Let us now deal with shipping freights, which are even more important than matters affecting internal transport. The Government’s excuse for not dealing with shipping freights is that it has no power to deal with them. This is not the first time that Australia has been faced with the destruction of its export trade. On the 10th April, 1930, Senator Daly introduced in the Senate the Australian Industries Preservation Bill. In the course of his second-reading speech, he said that the sole purpose of the bill was to grapple with the increasing freights which had crippled Australia, and had brought her to her knees during the depression. At that time, wheat was sold for Hid. a bushel. But the government of that day did something about it and, therefore, honorable senators opposite cannot claim that this Government cannot act in these matters. The present Government does not act because the shipping companies are too powerful for it to deal with. The introduction of the Australian Industries Preservation Bill led to a reduction of freights. That legislation is still on the statute-book, and could be put into operadon. I do not say that the measure could not be improved. The point is that the present Government has failed to do anything in this matter. All sections of the. community, including workers, primary producers, exporters and importers, will be crushed because of the indifference of the Government, or perhaps its disinclination to deal with a combine which holds some power over the Government parties.
Increased freights have been referred to in this debate. It is interesting to note that between the 11th September, 1939, and the 11th October, 3940, freights were increased by 71 per cent. That was during the term of office of a Liberal government.
– It was also theperiod which followed the beginning of’ World War II.
– Honorable senator should compare that increase with theincrease of only 10 per cent, between 1941 and 1949, when a Labour government was in office. Conditions to-day are not greatly different from what they wereduring the war. War or no war, thetempo of rising freights is the same. Between 1951 and 1953, freights rose by 32$ per cent. The fact that honorablesenators opposite try to justify these increases shows that they are satisfied with the situation. This is a national matter, and I do not wish to make a party matter of it. The Opposition isdoing the right thing in letting the people know that they are being crucified by the Government, which is in collusion with, the shipping companies. If it were not; so, the Government would condemn the action of the companies. The interjections that are being made by honorable members opposite clearly show that this Government is lacking in policy. Excessive shipping freights have provedembarrassing to other countries, and they have been subsidized to overcome their harmful results. Holland, for example, which does not have shipping lines of itsown, subsidizes the freights paid by ite exporters so that they may compete successfully in the very markets in which Australia is competing. Heavy industry in Western Australia could have supplied! railway trucks and engines, and many other products, to Pakistan, but freight charges made success impossible. The cost of production in Australia was favorable, but freight charges from Australia made the price of the equipment at the point of delivery excessive in comparison with the price of equipment transported from countries on the otherside of the world - twice as far as Australia - from Pakistan. Is the Government not aware of these things? If it is,, what is it doing about them? In both* speeches and interjections in this chamber, honorable senators who support theGovernment have said that it has noconstitutional right to do anything about freight rates. I have quoted from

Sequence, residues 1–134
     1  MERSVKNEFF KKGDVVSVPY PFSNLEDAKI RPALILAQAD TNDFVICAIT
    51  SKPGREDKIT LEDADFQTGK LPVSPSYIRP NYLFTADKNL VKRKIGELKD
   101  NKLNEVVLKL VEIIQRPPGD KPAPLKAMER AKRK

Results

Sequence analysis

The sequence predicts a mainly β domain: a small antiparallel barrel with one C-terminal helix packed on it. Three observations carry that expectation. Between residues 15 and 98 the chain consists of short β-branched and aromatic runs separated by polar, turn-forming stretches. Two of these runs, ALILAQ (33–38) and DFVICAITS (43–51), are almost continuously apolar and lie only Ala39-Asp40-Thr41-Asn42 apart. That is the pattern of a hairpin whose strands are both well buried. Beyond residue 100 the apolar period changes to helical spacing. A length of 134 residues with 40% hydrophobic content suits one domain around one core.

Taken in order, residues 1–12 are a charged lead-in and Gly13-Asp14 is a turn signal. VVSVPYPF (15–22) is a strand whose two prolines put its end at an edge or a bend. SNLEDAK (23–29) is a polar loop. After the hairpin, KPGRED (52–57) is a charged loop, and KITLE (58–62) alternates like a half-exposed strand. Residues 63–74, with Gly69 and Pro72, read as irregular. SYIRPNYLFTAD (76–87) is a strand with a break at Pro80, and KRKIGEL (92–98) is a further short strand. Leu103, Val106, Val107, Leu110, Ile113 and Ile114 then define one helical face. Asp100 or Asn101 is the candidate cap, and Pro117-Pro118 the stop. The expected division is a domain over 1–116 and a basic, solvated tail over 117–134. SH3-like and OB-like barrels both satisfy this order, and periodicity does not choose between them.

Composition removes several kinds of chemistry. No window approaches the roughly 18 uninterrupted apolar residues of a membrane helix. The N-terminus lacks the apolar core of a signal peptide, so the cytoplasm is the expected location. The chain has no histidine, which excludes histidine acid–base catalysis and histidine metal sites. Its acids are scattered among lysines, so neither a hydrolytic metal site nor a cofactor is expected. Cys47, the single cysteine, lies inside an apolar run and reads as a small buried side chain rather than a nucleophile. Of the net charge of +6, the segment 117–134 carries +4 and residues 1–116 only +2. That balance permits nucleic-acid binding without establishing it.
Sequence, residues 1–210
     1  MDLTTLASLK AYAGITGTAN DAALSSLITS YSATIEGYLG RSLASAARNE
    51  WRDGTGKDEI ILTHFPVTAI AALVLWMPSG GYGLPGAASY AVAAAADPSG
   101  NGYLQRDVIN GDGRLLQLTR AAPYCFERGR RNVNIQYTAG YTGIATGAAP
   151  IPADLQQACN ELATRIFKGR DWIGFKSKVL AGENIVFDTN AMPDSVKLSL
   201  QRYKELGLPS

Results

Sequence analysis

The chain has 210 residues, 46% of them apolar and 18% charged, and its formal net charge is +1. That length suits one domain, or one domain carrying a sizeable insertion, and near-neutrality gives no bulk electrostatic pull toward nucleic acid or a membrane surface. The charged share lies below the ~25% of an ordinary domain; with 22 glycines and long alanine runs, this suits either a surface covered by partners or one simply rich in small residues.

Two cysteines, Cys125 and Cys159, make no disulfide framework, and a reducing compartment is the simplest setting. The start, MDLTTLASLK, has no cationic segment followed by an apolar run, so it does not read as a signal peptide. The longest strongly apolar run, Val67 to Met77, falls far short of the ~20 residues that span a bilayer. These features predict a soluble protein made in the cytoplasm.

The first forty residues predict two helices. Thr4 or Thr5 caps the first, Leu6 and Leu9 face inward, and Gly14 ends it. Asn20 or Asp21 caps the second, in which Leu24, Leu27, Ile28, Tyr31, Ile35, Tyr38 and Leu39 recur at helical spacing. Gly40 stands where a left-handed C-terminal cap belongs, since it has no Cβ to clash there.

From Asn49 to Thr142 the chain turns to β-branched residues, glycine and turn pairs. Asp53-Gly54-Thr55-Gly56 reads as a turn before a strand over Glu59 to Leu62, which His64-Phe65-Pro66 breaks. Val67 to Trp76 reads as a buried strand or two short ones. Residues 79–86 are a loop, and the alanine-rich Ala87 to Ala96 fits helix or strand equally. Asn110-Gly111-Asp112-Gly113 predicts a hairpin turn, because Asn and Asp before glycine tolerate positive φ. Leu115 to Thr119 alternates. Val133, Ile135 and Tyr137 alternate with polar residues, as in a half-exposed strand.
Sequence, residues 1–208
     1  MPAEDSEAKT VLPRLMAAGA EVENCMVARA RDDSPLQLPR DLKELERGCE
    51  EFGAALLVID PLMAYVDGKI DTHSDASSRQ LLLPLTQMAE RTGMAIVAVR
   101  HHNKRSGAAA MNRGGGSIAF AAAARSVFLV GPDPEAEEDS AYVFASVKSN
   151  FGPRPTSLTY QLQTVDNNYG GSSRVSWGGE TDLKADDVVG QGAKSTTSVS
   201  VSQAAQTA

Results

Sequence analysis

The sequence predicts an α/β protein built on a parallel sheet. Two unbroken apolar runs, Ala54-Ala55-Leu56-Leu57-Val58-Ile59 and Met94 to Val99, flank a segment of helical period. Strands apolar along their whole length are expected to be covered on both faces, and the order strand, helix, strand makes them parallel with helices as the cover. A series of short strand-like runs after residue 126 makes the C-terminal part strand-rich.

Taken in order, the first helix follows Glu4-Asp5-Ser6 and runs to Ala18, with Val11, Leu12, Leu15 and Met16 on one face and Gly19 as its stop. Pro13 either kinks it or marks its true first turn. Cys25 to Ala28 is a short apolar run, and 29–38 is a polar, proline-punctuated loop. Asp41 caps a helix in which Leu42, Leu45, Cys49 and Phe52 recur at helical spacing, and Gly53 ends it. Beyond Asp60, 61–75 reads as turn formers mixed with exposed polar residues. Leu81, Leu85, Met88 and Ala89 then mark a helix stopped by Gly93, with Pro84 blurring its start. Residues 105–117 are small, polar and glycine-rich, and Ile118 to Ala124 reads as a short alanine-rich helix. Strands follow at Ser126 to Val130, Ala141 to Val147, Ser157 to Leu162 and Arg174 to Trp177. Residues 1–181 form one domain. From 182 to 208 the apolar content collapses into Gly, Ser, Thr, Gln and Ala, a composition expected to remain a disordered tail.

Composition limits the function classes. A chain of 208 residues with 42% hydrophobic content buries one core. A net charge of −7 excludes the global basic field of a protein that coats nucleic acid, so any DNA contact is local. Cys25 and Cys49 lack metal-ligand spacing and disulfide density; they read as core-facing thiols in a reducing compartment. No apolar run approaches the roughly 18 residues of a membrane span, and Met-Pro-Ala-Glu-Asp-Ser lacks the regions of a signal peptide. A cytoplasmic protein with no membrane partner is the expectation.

Hansard to show that the Government has such a right.
– The honorable senator did not tell the House where this power can be obtained.
– If Senator Kendall is so dull that he does not know, I refer him to the Ministers of the Government that he supports. They know what can be done, but they are failing to do it. However, nothing that the honorable senator could do would convince the Government of the need for action because honorable senators apparently have no influence on Ministers. This is clearly shown by the remarks of Senator Paltridge when he asked the Opposition for criticism of Government policy. He asked also that the Opposition put forward some policy. He even appealed to the Lord and said that He knows what is needed. But He will not tell the Government. In those circumstances, honorable senators on this side would not presume to tell the Government either. Senator Paltridge said that the Prime Minister (Mr. Menzies) had promised on several occasions to set up a committee of experts to advise on national development. It is quite obvious that supporters of the Government have been pressing for this to be done, but they have failed. Therefore, Senator Paltridge asks the Opposition to do something. His mistake is that he has been looking not at what the Government does but at what it tells the public at election time.